Who knows your company’s processes better than your current employees? Probably nobody, this question was just to add some content, honestly. I believe every change within any organization should always come from current employees and have a test drive with them as well. When designing your onboarding process I suggest you gather people from the organization for brainstorming sessions or focus groups. In these you should discuss:
- Best practices and experiences in past onboarding processes.
- Best introduction practices.
- Who the ambassador or mentor should be during the onboarding?
- Best way to communicate big chunks of information in such little time.
Paperwork and Access
Have this be the first part of the day. Paperwork is boring, I know it, you know it, everyone knows it. So get it over with! And access, lord, access. I remember my first day with an organization became the first week. My journey started on a Monday they activated my email on Wednesday. I KNOW RIGHT? But that is not all. The access to the building, was by fingerprint. And they activated my fingerprint the next Monday. So throughout my first week, I had to wait for someone to let me in!
When I say you must make your new hire feel at home, I actually mean it. Take care of any access or identification needs before you provide any training or introduction. And to continue with my anecdote, and this is the part where I always laugh. I remember 3 months into the company we had a new hire, she was a recruiter as well. She came in the morning, and there was nothing ready for her. Absolutely nothing. Not even a computer. She went out for lunch and she never came back. So, if you do not want this happening to you. Make sure you provide your new hire with everything they need to feel welcomed on their first day.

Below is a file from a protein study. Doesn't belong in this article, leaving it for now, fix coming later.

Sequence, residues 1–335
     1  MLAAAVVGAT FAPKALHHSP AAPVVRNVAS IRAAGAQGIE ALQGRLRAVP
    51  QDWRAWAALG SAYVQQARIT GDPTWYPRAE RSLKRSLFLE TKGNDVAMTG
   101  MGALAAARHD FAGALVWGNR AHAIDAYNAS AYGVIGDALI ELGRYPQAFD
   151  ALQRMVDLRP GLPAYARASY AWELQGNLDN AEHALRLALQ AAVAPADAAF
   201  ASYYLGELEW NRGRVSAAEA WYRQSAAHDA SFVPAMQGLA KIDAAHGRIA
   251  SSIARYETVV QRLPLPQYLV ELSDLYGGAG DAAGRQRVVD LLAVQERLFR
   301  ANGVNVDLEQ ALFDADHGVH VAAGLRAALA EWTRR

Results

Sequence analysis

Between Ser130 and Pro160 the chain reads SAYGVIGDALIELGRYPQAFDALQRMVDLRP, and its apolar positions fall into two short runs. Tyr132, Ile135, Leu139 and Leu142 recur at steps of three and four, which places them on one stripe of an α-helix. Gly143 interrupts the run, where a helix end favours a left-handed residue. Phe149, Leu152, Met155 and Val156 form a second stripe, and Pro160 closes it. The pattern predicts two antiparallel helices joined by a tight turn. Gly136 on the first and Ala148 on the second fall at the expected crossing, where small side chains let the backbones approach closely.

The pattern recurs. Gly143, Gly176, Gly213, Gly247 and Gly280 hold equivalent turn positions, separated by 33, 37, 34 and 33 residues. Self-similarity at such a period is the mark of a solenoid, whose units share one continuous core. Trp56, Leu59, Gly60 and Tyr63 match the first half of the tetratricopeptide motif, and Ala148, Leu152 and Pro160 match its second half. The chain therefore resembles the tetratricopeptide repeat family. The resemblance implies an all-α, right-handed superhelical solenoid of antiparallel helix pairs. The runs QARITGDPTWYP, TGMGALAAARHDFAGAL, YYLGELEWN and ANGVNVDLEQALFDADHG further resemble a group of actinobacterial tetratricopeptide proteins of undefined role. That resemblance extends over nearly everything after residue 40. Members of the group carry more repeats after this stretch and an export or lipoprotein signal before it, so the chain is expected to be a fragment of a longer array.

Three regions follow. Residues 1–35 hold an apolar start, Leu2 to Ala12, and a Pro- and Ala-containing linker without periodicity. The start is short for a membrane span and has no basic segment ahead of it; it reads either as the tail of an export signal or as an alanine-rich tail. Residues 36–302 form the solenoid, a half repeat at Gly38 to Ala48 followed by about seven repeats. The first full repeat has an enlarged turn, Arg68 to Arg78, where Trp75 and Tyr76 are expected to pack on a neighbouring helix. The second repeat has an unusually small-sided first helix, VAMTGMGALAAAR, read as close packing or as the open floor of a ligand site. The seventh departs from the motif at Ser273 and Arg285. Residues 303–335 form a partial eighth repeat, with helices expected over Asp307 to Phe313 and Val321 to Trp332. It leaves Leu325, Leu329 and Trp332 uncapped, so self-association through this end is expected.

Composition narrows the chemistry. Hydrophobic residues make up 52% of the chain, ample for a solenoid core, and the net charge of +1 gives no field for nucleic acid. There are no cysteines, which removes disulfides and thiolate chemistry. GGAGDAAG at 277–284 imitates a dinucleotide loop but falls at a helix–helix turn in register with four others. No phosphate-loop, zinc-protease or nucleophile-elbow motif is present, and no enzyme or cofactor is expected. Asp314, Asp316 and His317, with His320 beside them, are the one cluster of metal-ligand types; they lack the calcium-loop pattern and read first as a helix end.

Yes, we all look forward to designing processes that become standards and that are done with a checklist. But we need to always have in mind that everyone is different. Every new hire will come with their own baggage. You do not want to be providing junior training to someone you hire for a position of seniority. So make sure you adjust every process depending on what is in front of you.
By doing this, the new hire will feel like the process was actually planned with them in mind. Having into consideration their role, experience, skills, and any other relevant information they shared during the recruitment process. Do not be that kind of organization that says “oh well the process is like that for everyone”. This is not only bad for the onboarding process but for your overall image and employer brand.
Design an onboarding process that is always in line with your business needs and values. This is extremely important. But also keep in mind that the onboarding process is just the first step in your relationship with your new hire. There are processes you want to be developed between the employees and the organization. And the best way to make sure they are developed and planned is by having everything in your employer branding strategies be consonant with all the other elements.